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Van Gogh's Starry Night

The Equality Of Creation
"Since I am Infinite Space, and the Infinite Stars thereof, do ye also thus. Bind nothing! Let there be no difference made among you between any one thing and any other thing! For thereby there cometh hurt. But whoso availeth in this, let him be the chief of all." Liber al vel Legis 1:22-23
Nuit reminds us that she is Infinite Space and that we as the Infinite Stars in that space are equal.
While uniquely ourselves, and uniquely comprised of a piece of the soul that we recognize as the energy of Hadit, we are instructed to understand that there can be no differences among us.
The American Declaration of Independence avowed that all men (and women of all races, all colors and all backgrounds) are created equal. While the concept failed, this great historical document was a noble attempt by the founders of America to recognize an equality among people.
In his commentary in "The Law Is For All," Aleister Crowley saw this verse in Liber al vel Legis as a "thesis concerning compassion." He determined it to be of "the most palmary importance in the ethics of Thelema. It is necessary that we stop, once for all, this ignorant meddling with other people's business. Each individual must be left free to follow his own path!"
But Nuit carries this concept even farther. Not only are we expected to recognize the equality among humans, but also among "any one thing and any other thing."  The use of the word "thing" is significant. A thing is not necessarily human. She thus declares the same holy concern for the stones under our feet, the tree in our yard, and the bird in its nest.
"Let there be no difference made," she orders. For when we dare to determine that we might be superior to any other part of creation, "thereby cometh hurt."
When we recklessly destroy a stream and the living things in it by a dumping of toxic industrial waste, we are expressing a disregard for this basic rule.
When we slash and burn our forests to make room for an expansion of agriculture to feed an overpopulated world, we are attacking our creator, destroying our planet, and putting all that is holy in harms way.
Thereby cometh hurt.
The aboriginal tribes all over the Earth recognize the holiness of the Sun, the Moon, The Earth and even the trees. They believe that all things are alive. I have heard that American Indians once (and may still) practiced a ritual of prayer and apology before cutting down a single tree for use in giving themselves shelter, building a canoe, or making a tool. They apologized to the buffalo for having to kill it for food and carcass. Each thing of the Earth, to them, was precious. When a sacrifice was made to provide for human need, nothing was wasted. It was, to them, a holy act.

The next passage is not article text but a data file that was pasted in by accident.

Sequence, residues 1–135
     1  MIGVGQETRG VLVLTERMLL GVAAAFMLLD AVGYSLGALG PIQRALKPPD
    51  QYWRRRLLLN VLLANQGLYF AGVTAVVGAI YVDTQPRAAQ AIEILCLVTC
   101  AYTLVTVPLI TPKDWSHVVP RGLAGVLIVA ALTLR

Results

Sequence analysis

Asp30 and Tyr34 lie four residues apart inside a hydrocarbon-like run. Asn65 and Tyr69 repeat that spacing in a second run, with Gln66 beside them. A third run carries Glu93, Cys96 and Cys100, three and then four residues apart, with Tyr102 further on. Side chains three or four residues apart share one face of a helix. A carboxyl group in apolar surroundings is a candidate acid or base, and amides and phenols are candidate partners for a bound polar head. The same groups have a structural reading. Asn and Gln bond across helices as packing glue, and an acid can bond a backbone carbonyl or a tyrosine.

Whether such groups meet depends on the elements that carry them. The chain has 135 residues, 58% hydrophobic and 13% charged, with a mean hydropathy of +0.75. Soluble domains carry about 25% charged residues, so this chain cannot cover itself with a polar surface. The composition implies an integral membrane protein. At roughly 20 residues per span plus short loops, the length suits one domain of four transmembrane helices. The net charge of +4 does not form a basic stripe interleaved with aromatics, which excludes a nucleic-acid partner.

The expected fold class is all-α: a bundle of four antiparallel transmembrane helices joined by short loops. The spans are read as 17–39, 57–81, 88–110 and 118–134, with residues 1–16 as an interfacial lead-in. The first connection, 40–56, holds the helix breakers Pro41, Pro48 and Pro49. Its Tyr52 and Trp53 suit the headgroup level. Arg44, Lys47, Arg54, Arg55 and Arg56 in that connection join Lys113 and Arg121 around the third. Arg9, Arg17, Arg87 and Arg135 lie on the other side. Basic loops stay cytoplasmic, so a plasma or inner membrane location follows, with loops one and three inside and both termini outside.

My wife and I once entertained a Hopi Two-Horned Priest at our home in Arizona. When a meal was served, this man took his plate of food, went into the yard, offered a prayer of thanks, and then gave back a portion of what was put on his plate to nature. The food went to the ground where it was consumed by the birds, the animals and creeping things in the dirt. He understood the wisdom in this verse even though I am sure he never heard the words.
Psychic and talented remote viewer Aaron C. Donahue determined that all things are part of the energy of creation. The planet we live on, Donahue said, is a sentient being. So is the sun. And if these two great bodies of energy in our solar system are alive and aware, do we dare to think that the other bodies in Nuit's heaven are any less?
Nuit is everywhere. She is, indeed, the infinite space. And her counterpart, the great energy of Hadit, can be found in everything we touch.
She promises that "whoso availeth in this, let him be the chief of all." The word avail means to strive, help, or promote. Nuit never expected us to be perfect. But she wanted us to understand the importance of all things, and to try, in our everyday activities, to respect the planet and be good stewards.
It was once known to us as Eden.
Donahue tells a story about an encounter he had in 2002 while raising the 72 Goetia Spirits. They had been locked away by King Solomon for thousands of years.
He said one particular spirit expressed surprised at the darkness of the world. When last allowed to roam free, it remembered Eden as a much brighter place.
We forgot who and what we were. And our greed and arrogance destroyed the planet. What was done promises hurt for all things.
The statement that "whoso availeth in this, let him be the chief of all," suggests that someone is coming who will lead humanity back on the path it once followed. That someone is obviously the one referred to earlier as the Beast.
Copyright - James Donahue

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